A 2017 LA Times Book Prize Finalist A quirky story of love, mischief, and forgiveness from Brazil’s foremost award-winning author for young readers, in her U.S. debut. Fourteen-year-old Samuel is newly orphaned and homeless in a small town in Brazil. He lives in a giant, hollow, concrete head of St. Anthony, the lingering evidence of the village’s inept and failed attempt to build a monolith over a decade ago. He didn’t know what it was when he crawled into it, seeking shelter during a storm, but since coming there, he hears beautiful singing, echoing like magic in the head twice a day. So he stays. Miraculously, he can also hear the private prayers and longings of the villagers. Feeling mischievous, Samuel begins to help answer these prayers, hoping that if he does, their noise will quiet down and he can listen to the beautiful singing in peace. Ironically, his miracles gain him so many fans that he starts to worry he will never fulfill his own true longing and find the source of the singing. Filled with beautiful turns of phrase and wonderfully quirky characters, The Head of the Saint is a riotous story of faith and magic that won’t soon leave your thoughts.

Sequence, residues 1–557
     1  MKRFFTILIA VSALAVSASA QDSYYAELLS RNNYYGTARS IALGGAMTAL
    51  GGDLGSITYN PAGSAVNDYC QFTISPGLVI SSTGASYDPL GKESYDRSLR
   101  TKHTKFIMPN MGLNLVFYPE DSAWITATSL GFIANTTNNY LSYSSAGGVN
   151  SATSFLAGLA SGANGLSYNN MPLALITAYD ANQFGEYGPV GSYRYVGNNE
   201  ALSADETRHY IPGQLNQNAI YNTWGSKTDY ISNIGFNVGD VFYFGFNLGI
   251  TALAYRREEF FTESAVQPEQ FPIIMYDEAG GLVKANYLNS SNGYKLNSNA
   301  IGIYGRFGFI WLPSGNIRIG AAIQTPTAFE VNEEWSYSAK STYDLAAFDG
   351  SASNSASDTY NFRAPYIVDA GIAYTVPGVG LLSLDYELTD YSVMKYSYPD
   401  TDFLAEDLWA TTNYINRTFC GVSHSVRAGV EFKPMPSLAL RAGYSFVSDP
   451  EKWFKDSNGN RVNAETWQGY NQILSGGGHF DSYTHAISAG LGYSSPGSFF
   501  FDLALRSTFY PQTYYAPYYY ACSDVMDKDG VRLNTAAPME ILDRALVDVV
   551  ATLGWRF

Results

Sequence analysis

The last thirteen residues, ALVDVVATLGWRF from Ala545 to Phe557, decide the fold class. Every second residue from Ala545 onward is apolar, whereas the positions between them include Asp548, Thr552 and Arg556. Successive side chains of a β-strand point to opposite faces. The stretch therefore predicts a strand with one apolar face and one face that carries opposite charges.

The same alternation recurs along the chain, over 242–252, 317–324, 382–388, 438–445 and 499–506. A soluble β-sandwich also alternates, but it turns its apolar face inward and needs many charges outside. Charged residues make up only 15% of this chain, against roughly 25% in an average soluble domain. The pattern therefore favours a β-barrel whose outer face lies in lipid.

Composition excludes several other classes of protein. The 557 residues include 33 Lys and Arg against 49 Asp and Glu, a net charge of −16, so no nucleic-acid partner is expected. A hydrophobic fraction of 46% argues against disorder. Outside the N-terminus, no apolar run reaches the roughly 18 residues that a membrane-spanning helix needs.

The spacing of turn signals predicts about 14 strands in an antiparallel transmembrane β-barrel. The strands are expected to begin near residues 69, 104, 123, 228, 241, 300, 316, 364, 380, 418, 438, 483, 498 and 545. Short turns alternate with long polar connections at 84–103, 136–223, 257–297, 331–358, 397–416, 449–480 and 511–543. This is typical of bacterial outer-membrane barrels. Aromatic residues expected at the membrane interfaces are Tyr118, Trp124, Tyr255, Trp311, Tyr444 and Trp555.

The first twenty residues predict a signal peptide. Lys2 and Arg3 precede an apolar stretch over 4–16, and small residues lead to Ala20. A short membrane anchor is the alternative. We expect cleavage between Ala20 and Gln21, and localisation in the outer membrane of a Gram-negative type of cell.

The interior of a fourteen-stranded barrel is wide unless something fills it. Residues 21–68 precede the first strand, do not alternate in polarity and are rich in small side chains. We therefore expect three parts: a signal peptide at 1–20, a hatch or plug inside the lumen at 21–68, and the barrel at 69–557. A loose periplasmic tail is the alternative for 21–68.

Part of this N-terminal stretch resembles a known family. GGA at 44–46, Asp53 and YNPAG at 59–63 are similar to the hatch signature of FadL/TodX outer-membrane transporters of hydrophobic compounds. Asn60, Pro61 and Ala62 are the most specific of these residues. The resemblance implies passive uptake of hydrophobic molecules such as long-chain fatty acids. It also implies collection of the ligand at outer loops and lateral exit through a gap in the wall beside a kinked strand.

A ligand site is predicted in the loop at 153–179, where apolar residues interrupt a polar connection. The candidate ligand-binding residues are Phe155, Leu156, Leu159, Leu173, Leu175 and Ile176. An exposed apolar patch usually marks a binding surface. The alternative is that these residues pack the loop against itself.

'I like thinking big. I always have. To me it's very simple: If you're going to be thinking anyway, you might as well think big.' – Donald J. Trump Here is Trump in action – how he runs his business and how he runs his life – as he meets the people he needs to meet, chats with family and friends, clashes with enemies, and changes the face of the New York City skyline. But even a maverick plays by the rules, and Trump has formulated eleven guidelines for success. He isolates the common elements in his greatest deals; he shatters myths; he names names, spells out the zeros, and fully reveals the deal-maker's art. And throughout, Trump talks – really talks – about how he does it. Trump: The Art of the Deal is an unguarded look at the mind of a brilliant entrepreneur and an unprecedented education in the practice of deal-making. It's the most streetwise business book there is – and the ultimate read for anyone interested in making money and achieving success, and knowing the man behind the spotlight.